Germany's Kaymer tees off in US Open title quest
Martin Kaymer of Germany celebrates an eagle on the fifth green during the third round of the 114th U.S. Open at Pinehurst Resort & Country Club, Course No. 2 on June 14, 2014 in Pinehurst, North Carolina - by David Cannon
Kaymer, who won his first major at the 2010 PGA Championship, followed his US Open record-low start of back-to-back 65s with a two-over par 72 Saturday to stay in command on eight-under 202 after 54 holes.
The 29-year-old from Dusseldorf could become the first man from continental Europe to win the US Open crown and the fourth European winner in five seasons.
"My biggest challenge is to keep going," Langer said Sunday. "It's quite easy to try and defend that lead. That would be the wrong approach. On that course you can't really think ahead or you will get away from your own game."
Former world number one Kaymer could match the major win total Germany's only other major champion, 1985 and 1993 Masters champion Bernhard Langer.
Kaymer could also become just the seventh man to lead the US Open after every round, joining a select champions' list that includes Tiger Woods, Rory McIlroy, Walter Hagen, Ben Hogan, Tony Jacklin and James Barnes.
"Sleeping is very difficult," Kaymer said. "It's difficult leading from the first day on. There's so much going on."
Kaymer was facing a course with more receptive greens and easier pin placements as scores dropped from Saturday.
Zach Johnson, the 2007 Masters winner, aced the 172-yard par-3 ninth hole and fifth-group starter Daniel Berger fired a 66, the lowest round by anyone other than Kaymer, showing such rounds were available.
Not since Mike Brady squandered a five-shot edge in 1919 has a US Open 54-hole leader enjoyed such a margin as Kaymer and failed to win the title.
The victory would culminate a comeback for Kaymer, who struggled after his major triumph and went almost three years without a PGA win until taking last month's Players Championship.
Only Jack Nicklaus, Tiger Woods and Hal Sutton have won the Players and a major in the same year. No player has won the Players and a US Open in the same year.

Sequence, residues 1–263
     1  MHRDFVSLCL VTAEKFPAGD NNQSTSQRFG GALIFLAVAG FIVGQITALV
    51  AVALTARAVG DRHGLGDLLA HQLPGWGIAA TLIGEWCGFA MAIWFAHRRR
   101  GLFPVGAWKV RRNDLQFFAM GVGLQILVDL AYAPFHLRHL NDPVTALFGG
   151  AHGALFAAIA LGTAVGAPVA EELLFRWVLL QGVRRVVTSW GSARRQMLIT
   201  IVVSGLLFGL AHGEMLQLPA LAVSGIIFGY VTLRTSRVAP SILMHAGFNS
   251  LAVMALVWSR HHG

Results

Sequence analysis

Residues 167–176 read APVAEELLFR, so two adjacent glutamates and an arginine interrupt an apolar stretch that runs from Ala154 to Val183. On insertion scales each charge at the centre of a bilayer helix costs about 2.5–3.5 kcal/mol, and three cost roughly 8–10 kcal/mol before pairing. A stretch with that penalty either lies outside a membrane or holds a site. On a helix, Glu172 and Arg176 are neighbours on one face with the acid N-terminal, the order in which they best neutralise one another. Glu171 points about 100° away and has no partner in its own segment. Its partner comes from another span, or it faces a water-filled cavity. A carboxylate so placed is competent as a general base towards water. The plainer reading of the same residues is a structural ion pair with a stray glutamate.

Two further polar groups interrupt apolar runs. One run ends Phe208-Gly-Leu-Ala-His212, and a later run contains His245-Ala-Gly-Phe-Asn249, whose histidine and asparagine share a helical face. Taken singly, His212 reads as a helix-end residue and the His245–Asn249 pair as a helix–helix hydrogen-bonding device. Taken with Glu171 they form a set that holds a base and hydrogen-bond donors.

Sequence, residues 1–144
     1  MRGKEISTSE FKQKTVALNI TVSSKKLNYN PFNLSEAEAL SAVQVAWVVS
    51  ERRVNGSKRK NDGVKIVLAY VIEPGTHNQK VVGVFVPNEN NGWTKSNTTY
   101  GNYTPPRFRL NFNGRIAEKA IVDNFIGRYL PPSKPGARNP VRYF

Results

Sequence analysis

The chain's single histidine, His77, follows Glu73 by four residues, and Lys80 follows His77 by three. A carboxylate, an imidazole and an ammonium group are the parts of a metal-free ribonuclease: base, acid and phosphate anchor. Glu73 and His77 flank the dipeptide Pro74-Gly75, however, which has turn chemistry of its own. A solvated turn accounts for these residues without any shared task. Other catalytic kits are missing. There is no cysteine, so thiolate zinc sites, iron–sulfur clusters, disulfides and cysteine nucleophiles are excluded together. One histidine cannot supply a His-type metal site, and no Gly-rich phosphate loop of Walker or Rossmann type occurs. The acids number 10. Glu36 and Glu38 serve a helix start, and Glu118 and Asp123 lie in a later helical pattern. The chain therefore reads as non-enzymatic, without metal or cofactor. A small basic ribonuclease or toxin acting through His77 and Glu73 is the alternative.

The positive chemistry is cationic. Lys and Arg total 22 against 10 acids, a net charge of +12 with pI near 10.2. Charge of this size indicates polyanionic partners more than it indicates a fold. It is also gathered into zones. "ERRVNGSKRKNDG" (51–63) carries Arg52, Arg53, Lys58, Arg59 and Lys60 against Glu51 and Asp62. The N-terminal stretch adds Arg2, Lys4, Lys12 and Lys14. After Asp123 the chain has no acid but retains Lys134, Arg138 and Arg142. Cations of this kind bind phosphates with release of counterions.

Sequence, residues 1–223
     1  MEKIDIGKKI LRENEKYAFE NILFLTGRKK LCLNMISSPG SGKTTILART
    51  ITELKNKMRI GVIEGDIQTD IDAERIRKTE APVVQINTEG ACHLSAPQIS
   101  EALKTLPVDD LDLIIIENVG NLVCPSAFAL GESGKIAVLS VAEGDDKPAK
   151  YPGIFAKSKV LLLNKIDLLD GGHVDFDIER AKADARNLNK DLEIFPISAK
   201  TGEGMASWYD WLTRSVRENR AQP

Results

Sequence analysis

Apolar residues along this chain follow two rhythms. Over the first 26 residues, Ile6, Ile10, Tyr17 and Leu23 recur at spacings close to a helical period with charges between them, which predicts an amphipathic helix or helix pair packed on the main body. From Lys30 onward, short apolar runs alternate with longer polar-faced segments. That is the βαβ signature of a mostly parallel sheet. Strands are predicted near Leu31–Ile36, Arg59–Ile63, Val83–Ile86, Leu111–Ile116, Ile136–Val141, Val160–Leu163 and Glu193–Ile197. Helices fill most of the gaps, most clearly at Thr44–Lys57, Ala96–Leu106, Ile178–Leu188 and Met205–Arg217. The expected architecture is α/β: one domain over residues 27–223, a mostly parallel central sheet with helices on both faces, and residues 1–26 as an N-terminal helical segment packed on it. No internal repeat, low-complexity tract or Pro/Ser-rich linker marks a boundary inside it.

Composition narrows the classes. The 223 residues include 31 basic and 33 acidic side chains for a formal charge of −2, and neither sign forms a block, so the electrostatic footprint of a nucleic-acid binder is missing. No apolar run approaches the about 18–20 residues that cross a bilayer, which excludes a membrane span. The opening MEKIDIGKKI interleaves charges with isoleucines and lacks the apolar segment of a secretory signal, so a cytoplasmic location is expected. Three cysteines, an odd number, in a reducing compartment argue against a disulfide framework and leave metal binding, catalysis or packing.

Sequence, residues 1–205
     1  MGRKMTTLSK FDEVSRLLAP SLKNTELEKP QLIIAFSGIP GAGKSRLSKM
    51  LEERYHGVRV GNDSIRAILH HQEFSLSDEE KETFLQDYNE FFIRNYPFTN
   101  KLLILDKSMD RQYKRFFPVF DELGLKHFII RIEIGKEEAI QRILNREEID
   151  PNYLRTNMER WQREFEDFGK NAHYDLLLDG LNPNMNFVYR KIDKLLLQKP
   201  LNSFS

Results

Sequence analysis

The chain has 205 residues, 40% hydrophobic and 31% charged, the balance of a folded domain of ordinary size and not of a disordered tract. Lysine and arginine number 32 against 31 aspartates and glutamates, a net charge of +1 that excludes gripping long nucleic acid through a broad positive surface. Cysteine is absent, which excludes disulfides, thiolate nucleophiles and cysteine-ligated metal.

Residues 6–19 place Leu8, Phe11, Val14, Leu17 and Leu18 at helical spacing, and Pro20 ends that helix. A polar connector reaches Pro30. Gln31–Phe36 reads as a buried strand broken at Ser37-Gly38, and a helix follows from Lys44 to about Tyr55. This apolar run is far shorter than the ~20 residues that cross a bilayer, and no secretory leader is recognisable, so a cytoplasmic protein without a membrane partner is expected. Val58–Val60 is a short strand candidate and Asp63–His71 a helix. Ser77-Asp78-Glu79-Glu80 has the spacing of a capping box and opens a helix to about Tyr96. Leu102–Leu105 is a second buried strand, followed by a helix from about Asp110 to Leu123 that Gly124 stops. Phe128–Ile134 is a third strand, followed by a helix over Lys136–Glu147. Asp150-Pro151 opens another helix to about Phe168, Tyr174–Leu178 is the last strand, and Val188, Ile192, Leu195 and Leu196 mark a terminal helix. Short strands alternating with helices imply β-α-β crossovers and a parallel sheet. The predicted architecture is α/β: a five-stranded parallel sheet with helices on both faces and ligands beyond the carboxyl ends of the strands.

But hoping to spoil Kaymer's bid were a handful of sub-par rivals seeking a first major title, including sentimental favorite Erik Compton, who has undergone two heart transplants and is playing in only his second major.
The 34-year-old American, who missed the cut at the 2000 US Open, received his first transplant at age 12 in 1992. After a heart attack, Compton received another heart in 2008.
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Compton has never won a PGA event, only playing sporadically until qualifying for a full-time spot in 2012. But he was fifth this year at Bay Hill and New Orleans and was told by 18-time major winner Nicklaus that he would do well this week at Pinehurst.
"Whatever happens, it's just great to be here," Compton said.
Compton and US standout Rickie Fowler, who finished fifth at the Masters in April, were on 207 after shooting 67s Saturday, the only sub-par efforts in the third round.
Fowler wore knickerbockers Thursday in a tribute to the late Payne Stewart, who won the 1999 US Open at Pinehurst but was killed in a plane crash four months later.
Sweden's Henrik Stenson, who could become world number one with a victory, and American Dustin Johnson, shared fourth on 208 with American Brandt Snedeker another stroke adrift.
Second-ranked Stenson, last year's US PGA playoff and European Tour Race to Dubai season points champion, would need to win and have top-ranked Adam Scott finish outside the top four to become world number one.
A victory by Snedeker would match the greatest last-day comeback in US Open history, the epic seven-shot rally by Arnold Palmer in 1960 to win at Cherry Hills.